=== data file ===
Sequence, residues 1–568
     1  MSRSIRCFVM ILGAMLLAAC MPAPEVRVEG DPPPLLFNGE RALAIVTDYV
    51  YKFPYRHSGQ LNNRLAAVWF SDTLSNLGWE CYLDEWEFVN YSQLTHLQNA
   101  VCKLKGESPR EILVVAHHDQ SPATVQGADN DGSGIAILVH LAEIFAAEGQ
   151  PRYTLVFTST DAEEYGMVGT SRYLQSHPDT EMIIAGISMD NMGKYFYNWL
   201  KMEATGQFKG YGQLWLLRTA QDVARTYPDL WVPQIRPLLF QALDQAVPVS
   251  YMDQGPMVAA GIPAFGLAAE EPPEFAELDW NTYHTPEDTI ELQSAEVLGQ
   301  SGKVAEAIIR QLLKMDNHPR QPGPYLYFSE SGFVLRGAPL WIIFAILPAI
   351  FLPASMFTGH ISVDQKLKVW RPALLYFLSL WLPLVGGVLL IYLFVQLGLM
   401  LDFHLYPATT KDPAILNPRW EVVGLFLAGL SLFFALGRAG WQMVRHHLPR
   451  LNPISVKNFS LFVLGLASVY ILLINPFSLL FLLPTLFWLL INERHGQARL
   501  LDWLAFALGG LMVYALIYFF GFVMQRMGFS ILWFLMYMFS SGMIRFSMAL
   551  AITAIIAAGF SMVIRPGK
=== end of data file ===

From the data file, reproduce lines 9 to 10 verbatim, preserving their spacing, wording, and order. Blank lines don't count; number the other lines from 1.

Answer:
   351  FLPASMFTGH ISVDQKLKVW RPALLYFLSL WLPLVGGVLL IYLFVQLGLM
   401  LDFHLYPATT KDPAILNPRW EVVGLFLAGL SLFFALGRAG WQMVRHHLPR